If all of this would seem about as relevant as if a lesbian were to offer up praise to men with small penises (although the analogy would require lesbians to be prominent in a media-and-entertainment industry that celebrated the poorly-endowed man, making well-endowed men feel grotesque, but anyway), let us not forget that Doonan is merely - as the Friend to Women that all gay men inherently must be - voicing his opposition to the pressures on today's Woman to get her boobs did. Don't be offended, wimmins of bustiness. He's with us in our fight against the patriarchy!

The equation of large breasts with fake breasts -  one Doonan takes for granted - comes from a fairly obvious source: the breasts under consideration are - unspoken rule - those of thin women. No doubt there are bra-purchasers headed for the triple-Es who got that way naturally, but - and this is the unstated if not entirely unreasonable assumption - these women are overweight, over 22, and thus not about to meet the standards of either high fashion or lowest-common-denominator that-which-men-find-hot.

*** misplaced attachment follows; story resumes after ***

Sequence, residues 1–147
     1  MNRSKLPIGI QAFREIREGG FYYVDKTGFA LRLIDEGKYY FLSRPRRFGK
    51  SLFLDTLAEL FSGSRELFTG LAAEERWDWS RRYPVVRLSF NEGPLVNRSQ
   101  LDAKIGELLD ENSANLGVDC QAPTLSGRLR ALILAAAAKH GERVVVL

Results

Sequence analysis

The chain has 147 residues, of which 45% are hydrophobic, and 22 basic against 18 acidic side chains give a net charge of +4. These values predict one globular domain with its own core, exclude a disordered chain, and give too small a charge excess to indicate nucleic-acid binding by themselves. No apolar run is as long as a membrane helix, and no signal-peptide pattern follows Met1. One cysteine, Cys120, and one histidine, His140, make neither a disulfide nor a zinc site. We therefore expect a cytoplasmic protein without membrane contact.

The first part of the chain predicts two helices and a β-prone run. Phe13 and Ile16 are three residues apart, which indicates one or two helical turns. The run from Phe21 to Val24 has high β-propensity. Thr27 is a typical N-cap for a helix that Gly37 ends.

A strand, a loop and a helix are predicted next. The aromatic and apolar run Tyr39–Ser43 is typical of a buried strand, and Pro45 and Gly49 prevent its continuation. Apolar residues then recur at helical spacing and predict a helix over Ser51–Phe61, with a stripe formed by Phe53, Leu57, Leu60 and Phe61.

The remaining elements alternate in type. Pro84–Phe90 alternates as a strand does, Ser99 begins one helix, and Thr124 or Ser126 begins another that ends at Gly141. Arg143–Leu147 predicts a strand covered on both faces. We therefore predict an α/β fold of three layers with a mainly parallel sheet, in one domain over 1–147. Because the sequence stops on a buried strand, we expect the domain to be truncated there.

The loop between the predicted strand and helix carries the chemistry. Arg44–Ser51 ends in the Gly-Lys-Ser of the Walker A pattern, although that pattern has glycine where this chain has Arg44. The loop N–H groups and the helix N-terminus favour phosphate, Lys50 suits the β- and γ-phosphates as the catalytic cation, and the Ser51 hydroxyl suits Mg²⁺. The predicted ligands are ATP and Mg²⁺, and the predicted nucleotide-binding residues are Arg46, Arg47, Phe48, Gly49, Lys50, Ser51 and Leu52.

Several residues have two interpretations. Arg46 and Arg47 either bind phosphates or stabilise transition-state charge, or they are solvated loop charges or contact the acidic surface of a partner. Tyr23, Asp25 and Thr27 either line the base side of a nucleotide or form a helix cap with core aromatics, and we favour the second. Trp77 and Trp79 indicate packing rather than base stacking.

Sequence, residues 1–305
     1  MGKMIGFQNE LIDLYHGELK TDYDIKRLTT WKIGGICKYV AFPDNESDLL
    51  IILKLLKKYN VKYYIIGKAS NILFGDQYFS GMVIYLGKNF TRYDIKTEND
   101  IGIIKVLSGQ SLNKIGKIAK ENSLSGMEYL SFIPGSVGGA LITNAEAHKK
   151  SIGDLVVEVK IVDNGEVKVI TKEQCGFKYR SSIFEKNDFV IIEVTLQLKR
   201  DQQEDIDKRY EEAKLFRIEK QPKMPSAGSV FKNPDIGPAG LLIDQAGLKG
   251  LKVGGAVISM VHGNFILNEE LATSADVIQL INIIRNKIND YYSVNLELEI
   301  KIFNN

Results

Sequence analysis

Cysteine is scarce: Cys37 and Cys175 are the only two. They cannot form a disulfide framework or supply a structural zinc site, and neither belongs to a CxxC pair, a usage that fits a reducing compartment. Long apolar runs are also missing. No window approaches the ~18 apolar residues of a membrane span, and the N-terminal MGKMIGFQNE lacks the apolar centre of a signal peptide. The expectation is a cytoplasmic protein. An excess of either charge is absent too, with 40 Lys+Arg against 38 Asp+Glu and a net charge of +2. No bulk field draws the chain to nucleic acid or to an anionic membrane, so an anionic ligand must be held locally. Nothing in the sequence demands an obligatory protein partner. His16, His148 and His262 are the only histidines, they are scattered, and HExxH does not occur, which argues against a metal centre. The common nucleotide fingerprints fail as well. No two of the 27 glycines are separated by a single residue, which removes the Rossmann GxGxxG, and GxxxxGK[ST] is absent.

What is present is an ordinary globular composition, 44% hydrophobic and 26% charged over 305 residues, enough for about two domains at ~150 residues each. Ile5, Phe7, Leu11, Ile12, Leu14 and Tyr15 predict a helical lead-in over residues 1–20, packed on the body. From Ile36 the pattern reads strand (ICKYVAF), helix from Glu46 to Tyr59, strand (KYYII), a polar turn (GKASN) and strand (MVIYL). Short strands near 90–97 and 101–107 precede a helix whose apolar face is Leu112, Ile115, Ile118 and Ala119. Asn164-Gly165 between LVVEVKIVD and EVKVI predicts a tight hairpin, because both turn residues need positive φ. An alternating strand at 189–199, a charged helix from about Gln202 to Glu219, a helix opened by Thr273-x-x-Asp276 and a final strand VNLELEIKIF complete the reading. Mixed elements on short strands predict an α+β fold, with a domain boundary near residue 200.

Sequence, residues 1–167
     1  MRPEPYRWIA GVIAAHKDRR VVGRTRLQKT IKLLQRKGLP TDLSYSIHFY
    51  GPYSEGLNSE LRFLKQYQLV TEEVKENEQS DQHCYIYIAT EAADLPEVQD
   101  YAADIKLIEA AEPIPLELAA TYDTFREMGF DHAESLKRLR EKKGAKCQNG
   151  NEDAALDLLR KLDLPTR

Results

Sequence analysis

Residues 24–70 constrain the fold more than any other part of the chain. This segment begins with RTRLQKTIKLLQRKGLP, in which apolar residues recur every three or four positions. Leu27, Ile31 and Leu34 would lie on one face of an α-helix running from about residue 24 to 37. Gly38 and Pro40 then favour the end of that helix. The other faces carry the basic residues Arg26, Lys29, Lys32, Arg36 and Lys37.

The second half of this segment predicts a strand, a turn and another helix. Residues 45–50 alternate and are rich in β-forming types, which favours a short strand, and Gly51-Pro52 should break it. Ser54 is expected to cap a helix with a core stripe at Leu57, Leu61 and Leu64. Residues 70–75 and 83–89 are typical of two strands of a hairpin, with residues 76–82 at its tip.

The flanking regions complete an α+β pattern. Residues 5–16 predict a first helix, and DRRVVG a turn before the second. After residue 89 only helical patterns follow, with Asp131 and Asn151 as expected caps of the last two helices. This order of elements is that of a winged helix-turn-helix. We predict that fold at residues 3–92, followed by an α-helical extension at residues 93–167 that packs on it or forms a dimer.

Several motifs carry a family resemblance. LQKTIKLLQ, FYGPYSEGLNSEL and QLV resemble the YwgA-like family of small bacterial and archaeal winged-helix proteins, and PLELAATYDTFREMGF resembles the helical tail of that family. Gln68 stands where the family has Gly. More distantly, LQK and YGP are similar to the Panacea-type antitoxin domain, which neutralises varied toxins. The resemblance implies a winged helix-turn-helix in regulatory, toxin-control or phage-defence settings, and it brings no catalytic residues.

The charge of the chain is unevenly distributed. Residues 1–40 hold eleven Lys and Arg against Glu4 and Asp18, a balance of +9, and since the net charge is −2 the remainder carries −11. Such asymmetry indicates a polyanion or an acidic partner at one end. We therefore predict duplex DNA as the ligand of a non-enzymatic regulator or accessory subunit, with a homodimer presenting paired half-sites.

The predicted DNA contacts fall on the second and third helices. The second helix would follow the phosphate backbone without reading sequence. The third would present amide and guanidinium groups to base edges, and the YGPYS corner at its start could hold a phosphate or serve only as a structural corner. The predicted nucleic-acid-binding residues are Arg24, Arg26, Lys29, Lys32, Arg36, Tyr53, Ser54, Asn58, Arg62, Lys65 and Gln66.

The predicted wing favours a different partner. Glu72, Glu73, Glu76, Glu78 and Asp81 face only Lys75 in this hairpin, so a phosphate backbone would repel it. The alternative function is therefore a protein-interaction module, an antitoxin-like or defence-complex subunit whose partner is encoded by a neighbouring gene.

The piece - which is probably more offensive to gay men than it is to large-breasted women - ends up eliciting yet a new level of misogyny. Rather than standing up for their right to like what they like, regardless of what a man who's not even attracted to any women thinks they ought to, straight men start weighing in on how large breasts, in their opinion, do not stand the test of time, and it's important to choose a wife on the basis of what will or won't sag. (Have these people not been to a beach? Everything on everybody eventually sags.) Then there are of course the kind of men who think that to be sophisticated and upper-class, they must express a preference for brunettes over blondes, flat-chested over curvaceous. A few women pipe in to mention that it's wildly obnoxious to discuss whether various naturally-occurring physical features are or are not in this season. But they, we must remember, are humorless females, unable to see that Simon Doonan is in fact medically incapable of removing his tongue from his delightfully British cheek.